22. Brook and I have thought that the way the couples either live together or die together, none are split by death, was probably heavily influenced by RJ and Harriet's feelings about his approaching mortality and knowing this would happen to her. Which is entirely reasonable, again that isn't a criticism. The things missing from the ending which most stand out to me are the resolutions to secondary and tertiary plot threads/characters. What did RJ really have in mind for Narishma "following after Rand"? What was Logain's "glory" meant to be? Because I don't buy what we saw matched Min's vision. Do we know if the enslavement of all the male Aiel channelers who had gone off to fight the shadow over the years was from RJ or Brandon? That one was an emotional punch that really landed for me, whichever of them gets credit.
  23. Lol. Look your point is fair. I think if you look back through my posts in the last few days you'll see I'm making no judgement of the man though. Its just a little flavour or colour around how I read the book, that's all. A laugh of love.
  24. I just take such a fundamentally different message away from the new shows. It's not saying we can't be better, it's saying that in order to be better we always need to be fighting as individuals to keep our society better. That collectively being individuals is the only way we get that better society. I guess if that "better society" you're seeing is one where we've won the fight permanently and don't need to fight for it as individuals anymore then I'm not seeing something different to you, I just like it and you don't. I see something in the Trek we're currently getting that I'm not seeing in other properties, so I guess that just makes me the audience for the new Trek.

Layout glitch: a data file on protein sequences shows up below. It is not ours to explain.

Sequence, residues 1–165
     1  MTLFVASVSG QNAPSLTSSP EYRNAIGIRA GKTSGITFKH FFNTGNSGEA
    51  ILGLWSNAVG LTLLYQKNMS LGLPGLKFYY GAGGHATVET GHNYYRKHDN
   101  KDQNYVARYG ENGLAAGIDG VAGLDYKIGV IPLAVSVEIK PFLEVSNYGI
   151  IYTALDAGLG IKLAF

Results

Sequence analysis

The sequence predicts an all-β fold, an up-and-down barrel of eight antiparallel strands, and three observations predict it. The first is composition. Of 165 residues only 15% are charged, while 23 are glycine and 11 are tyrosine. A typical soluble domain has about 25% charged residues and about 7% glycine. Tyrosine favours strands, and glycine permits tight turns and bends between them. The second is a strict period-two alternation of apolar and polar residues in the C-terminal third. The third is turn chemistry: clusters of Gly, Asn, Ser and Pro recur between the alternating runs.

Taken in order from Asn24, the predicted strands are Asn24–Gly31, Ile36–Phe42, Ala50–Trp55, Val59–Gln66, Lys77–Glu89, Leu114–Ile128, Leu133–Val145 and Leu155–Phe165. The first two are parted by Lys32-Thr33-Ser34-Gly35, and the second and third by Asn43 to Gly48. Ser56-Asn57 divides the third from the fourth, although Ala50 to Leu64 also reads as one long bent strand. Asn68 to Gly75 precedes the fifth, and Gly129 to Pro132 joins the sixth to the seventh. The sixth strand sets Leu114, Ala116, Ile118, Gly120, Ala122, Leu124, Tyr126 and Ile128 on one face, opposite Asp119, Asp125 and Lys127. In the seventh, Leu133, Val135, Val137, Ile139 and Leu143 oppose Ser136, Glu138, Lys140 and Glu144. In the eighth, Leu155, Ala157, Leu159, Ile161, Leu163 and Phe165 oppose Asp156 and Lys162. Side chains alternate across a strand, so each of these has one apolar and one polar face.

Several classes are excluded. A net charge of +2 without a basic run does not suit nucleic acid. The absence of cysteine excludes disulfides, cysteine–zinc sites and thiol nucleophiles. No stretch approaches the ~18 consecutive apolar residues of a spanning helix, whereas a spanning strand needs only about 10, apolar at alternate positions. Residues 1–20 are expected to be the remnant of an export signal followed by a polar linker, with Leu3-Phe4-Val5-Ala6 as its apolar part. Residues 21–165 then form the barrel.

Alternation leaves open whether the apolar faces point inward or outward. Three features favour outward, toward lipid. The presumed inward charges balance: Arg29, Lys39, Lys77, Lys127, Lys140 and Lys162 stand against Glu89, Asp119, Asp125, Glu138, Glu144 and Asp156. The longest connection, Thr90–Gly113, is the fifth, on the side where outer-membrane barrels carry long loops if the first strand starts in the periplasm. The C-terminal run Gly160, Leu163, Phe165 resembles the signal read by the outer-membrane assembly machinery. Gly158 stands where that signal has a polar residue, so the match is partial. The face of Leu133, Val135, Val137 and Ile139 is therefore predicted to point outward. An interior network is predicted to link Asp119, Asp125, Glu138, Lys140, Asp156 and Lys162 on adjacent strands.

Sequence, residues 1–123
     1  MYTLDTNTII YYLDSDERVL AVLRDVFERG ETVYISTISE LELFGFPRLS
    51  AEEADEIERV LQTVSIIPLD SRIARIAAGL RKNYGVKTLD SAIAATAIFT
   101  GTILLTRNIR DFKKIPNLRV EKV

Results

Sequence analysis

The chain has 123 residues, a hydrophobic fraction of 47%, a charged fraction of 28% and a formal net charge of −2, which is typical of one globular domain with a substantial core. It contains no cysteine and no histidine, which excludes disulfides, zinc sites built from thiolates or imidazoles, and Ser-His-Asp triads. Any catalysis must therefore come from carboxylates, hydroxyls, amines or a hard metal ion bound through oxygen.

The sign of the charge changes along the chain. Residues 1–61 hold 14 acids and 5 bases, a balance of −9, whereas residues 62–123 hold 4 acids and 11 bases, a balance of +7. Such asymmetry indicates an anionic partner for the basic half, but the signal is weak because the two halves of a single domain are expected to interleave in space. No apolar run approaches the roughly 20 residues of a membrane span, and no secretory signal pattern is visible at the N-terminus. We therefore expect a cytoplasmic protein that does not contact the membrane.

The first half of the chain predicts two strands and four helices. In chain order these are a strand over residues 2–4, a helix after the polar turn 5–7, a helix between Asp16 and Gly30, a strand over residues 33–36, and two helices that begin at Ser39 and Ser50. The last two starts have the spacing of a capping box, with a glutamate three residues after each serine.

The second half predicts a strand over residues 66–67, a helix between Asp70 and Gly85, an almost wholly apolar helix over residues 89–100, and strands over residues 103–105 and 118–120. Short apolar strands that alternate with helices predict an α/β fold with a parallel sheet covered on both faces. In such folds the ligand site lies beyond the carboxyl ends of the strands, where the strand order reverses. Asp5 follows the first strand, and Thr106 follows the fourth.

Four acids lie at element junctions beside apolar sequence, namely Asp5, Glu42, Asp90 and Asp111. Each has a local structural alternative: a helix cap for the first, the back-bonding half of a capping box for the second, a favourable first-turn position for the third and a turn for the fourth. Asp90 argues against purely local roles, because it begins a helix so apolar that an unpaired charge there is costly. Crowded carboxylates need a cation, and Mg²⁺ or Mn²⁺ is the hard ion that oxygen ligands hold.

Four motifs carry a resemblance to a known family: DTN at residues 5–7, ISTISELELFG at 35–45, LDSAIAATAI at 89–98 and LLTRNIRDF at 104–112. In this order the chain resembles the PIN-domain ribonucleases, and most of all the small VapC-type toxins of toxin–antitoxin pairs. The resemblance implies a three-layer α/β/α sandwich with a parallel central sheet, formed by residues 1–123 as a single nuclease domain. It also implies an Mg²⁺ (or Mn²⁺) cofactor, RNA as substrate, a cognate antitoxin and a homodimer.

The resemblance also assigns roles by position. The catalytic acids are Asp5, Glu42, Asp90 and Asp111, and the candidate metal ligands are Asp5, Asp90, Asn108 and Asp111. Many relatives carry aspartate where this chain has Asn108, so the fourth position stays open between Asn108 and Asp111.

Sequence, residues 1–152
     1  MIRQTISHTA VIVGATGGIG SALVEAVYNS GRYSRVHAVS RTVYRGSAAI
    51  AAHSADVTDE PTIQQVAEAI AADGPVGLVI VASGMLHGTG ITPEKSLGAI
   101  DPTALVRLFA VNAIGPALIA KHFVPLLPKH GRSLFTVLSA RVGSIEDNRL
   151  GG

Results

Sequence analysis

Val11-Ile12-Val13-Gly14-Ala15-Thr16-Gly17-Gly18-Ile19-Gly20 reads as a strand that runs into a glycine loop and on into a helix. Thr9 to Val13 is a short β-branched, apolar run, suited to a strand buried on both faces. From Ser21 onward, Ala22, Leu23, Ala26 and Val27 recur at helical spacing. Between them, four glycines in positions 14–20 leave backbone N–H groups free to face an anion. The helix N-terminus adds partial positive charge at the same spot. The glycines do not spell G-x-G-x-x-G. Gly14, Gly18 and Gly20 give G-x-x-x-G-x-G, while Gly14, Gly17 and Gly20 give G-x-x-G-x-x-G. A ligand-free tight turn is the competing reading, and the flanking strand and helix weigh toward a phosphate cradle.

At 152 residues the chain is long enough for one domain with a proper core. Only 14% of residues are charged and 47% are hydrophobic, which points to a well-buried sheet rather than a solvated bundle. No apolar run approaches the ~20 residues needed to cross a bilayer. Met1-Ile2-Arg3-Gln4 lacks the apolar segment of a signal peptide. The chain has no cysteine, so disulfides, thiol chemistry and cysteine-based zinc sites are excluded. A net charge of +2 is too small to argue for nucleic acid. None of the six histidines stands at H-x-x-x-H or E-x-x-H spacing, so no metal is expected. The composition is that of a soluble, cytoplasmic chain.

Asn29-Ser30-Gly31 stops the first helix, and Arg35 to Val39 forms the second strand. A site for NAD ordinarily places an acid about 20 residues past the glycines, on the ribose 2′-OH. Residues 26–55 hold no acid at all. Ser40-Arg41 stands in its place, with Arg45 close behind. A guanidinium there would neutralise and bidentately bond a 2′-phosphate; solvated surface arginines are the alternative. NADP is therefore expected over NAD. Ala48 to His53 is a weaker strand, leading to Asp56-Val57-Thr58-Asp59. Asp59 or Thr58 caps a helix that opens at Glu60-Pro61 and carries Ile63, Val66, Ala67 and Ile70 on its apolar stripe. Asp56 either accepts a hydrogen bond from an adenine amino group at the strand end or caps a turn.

25. I'd always read it as the other way around. And a desire be was so convinced could never be realised it's repressed to the point he didn't realise he was putting it into the books, which is why it's often not even sexualized. I like this approach, neatly dodges centering Rand on their relationship as you said. It probably comes down to the actresses. You see them meet and have lightning between them on screen, like has happened in many cases where it wasn't even intended, then this could really work. If they don't have that kind of chemistry I think just go with the platonic approach. Just don't make straight men the judge of whether that chemistry is there and we're good :p
×
×
  • Create New...